We also do have a fair amount of borrowers who used to have a dog but they’ve lost their dog and they’re just not ready to get a new one yet […] we literally have everything from young professionals to students, lots of families and retired people.’


A growing business

From its launch in 2012, BorrowMyDoggy now takes a lead in UK pet-sharing, with over a million members in 99% of UK postcodes. Rikke acknowledged this is largely down to its community based approach: ‘we have so many lovely members who are very happy to share information and word of mouth about BorrowMyDoggy.’


Rikke also explained that the business has grown as people change roles, reasons and even responsibilities as members of the BorrowMyDoggy community:


‘We also have by now a lot of people who used to be dog borrowers who’ve become dog owners since, which is really nice to see […] we do have a lot of dog owners too, who join not just to find borrowers but sometimes they also borrow dogs for their dogs, so the dog ownership also includes borrower membership too – it’s very lovely!’


BorrowMyDoggy’s role in responsible dog ownership

As a vet working with the Blue Cross, I’ve seen first-hand that after the pandemic and ‘let’s-get-a-dog’ lockdown trend, many dogs are being relinquished, leaving rescue centres really struggling. But with its community of people wanting the joy of spending time with a dog, it feels that BorrowMyDoggy offers a great way for people to experience the real commitment of dog ownership before actually committing to it full-time. Even better, it creates an opportunity for experiencing the joys and responsibility without ending up over-committed and having to give up the dog. 


Rikke agreed this is something seen in the BorrowMyDoggy community: ‘for instance families with kids, where the kids are begging for a dog. What we have seen with some families, the kids afterwards have said we’re much happier just borrowing – we don’t want the morning walks with the dogs! The families have just continued borrowing maybe 2 days a week and for holidays, which I find is great.


And we have other situations where families end up getting a dog but everyone is aligned over what the requirements are. So I think it’s fantastic where people are not fully sure, either what breed to get but also if a dog will fit in their lifestyle.


We also see from the other side too, owners who are struggling can gain the support and help of a borrower which, in many cases, can enable them to keep their dog.’

Challenging the borrow a dog concept

When I posted about sharing my own dog Dolly, a few behaviourists challenged that it could be quite confusing for the dog, that dogs should have complete consistency and there could be potential confusion with dogs being passed around quite a lot. I was confident that this didn’t apply with Dolly, who was having a fantastic time with her extended social circle, but has this challenge of ideas caused problems for BorrowMyDoggy?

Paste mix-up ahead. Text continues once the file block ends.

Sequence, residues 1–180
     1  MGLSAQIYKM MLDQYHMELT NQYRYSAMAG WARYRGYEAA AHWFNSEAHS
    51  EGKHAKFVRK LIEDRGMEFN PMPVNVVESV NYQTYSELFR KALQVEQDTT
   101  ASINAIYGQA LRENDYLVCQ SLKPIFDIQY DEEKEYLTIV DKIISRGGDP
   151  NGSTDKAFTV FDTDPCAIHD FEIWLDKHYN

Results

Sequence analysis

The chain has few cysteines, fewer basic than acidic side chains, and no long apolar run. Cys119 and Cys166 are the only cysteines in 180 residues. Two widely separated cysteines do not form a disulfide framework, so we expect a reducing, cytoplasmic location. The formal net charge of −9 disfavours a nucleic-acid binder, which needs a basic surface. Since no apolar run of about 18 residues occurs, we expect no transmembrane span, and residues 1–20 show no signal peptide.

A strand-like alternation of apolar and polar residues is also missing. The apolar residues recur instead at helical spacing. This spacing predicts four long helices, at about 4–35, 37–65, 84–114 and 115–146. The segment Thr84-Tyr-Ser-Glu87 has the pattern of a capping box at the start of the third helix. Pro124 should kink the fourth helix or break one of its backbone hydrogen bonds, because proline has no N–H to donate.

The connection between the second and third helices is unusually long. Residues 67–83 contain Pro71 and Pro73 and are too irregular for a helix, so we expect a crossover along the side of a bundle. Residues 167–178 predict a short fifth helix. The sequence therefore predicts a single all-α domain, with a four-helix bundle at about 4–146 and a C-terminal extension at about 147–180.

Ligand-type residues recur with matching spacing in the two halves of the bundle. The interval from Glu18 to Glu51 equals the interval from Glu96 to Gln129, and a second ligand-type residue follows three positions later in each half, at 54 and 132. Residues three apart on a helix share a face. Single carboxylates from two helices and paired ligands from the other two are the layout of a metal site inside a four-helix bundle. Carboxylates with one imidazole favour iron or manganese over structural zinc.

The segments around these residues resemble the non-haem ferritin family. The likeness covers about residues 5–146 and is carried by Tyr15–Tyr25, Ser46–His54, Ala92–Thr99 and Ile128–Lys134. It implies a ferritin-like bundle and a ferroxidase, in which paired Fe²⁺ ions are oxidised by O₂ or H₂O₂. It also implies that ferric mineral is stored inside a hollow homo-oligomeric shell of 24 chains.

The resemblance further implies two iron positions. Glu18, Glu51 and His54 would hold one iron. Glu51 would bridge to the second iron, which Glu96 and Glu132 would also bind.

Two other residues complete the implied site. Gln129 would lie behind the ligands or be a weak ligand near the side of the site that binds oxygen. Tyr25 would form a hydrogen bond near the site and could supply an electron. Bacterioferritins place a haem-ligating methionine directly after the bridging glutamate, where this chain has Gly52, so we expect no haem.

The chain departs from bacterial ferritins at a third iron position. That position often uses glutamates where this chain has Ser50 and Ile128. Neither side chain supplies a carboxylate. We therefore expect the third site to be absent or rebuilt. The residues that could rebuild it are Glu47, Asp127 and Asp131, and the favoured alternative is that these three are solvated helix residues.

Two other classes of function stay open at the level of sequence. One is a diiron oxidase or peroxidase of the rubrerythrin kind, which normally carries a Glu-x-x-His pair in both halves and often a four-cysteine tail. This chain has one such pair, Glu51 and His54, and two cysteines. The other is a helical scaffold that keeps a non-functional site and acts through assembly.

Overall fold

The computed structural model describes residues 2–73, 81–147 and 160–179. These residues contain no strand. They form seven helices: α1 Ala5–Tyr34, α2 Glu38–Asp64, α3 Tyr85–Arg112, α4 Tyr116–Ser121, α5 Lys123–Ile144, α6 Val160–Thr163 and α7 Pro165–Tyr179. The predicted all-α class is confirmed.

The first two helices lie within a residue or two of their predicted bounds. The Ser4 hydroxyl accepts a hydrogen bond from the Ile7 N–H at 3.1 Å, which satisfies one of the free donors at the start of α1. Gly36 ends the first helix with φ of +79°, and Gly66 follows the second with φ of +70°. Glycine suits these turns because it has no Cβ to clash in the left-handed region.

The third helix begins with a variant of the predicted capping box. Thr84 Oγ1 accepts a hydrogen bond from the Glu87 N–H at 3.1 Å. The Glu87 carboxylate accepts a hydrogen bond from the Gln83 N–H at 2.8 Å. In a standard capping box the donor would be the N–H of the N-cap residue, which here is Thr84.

‘When we started out we did get challenged but not at all any more. It was everyone from dog charities to other individuals in the pet space but I think that at the moment they started using BorrowMyDoggy, they understood the concept – as in it’s not about handing your dog over to strangers, it’s about meet and greet and getting to know somebody well, just like you would do with a dog sitter or a child-minder.


Now, even the dog charities really like the fact that people borrow dogs before they get one so they understand what they get into, so that you don’t end up having all these dogs getting given up afterwards, Likewise, there’s a lot of people who would love to keep their dog and they’re going through a difficult period, so they’re getting help and they can actually keep their dog that means everything to them. I think again it’s really about remembering that this is not about handing your dog over to a stranger, it’s about getting to know someone.’

BorrowMyDoggy Tales

With over a decade of BorrowMyDoggy behind her, Rikke has many stories about the difference BorrowMyDoggy has made to its members’ lives and the benefits of being part of a community with both pets and people at its heart. From limiting loneliness, assisting with anxiety and forging friendships, Rikke shared many stories on the podcast, including one of her favourites: 

‘We had an elderly woman, I think she was in her 70s, she borrowed a dog, went for a walk on a beach and because of the dog she got into conversation with another person – an elderly man – and they ended up getting married! You know how dogs are conversation openers, when you get a dog you speak to others that you wouldn’t otherwise be speaking with!’

As a vet who sees the struggles within dog rescues and of course as a dog-parent, I think BorrowMyDoggy is an absolutely fantastic service. As an owner it has been a life saver and has also opened up Rodney to a wider social circle which includes children, plus a whole load of great experiences. But you know, the main reason I love it is because it really has its foundations and its roots in the community around dogs, which I think are sometimes one of the best ways to bring people together. 


Whether you want to borrow a dog or find someone in your local community to love and look after your dog just like you do, please visit BorrowMyDoggy.


Listen to the full podcast to enjoy more happy stories about sharing the love of dogs through BorrowMyDoggy.


Dr Paul Manktelow is a vet who’s worked for almost 20 years on the front line in some of the UK’s busiest veterinary hospitals. As Chief Vet in the Charity Sector, he leads a team of vets and nurses that treat thousands of pets every year.  Paul also appears regularly in the media as a TV and radio presenter, writer, public speaker and podcast producer.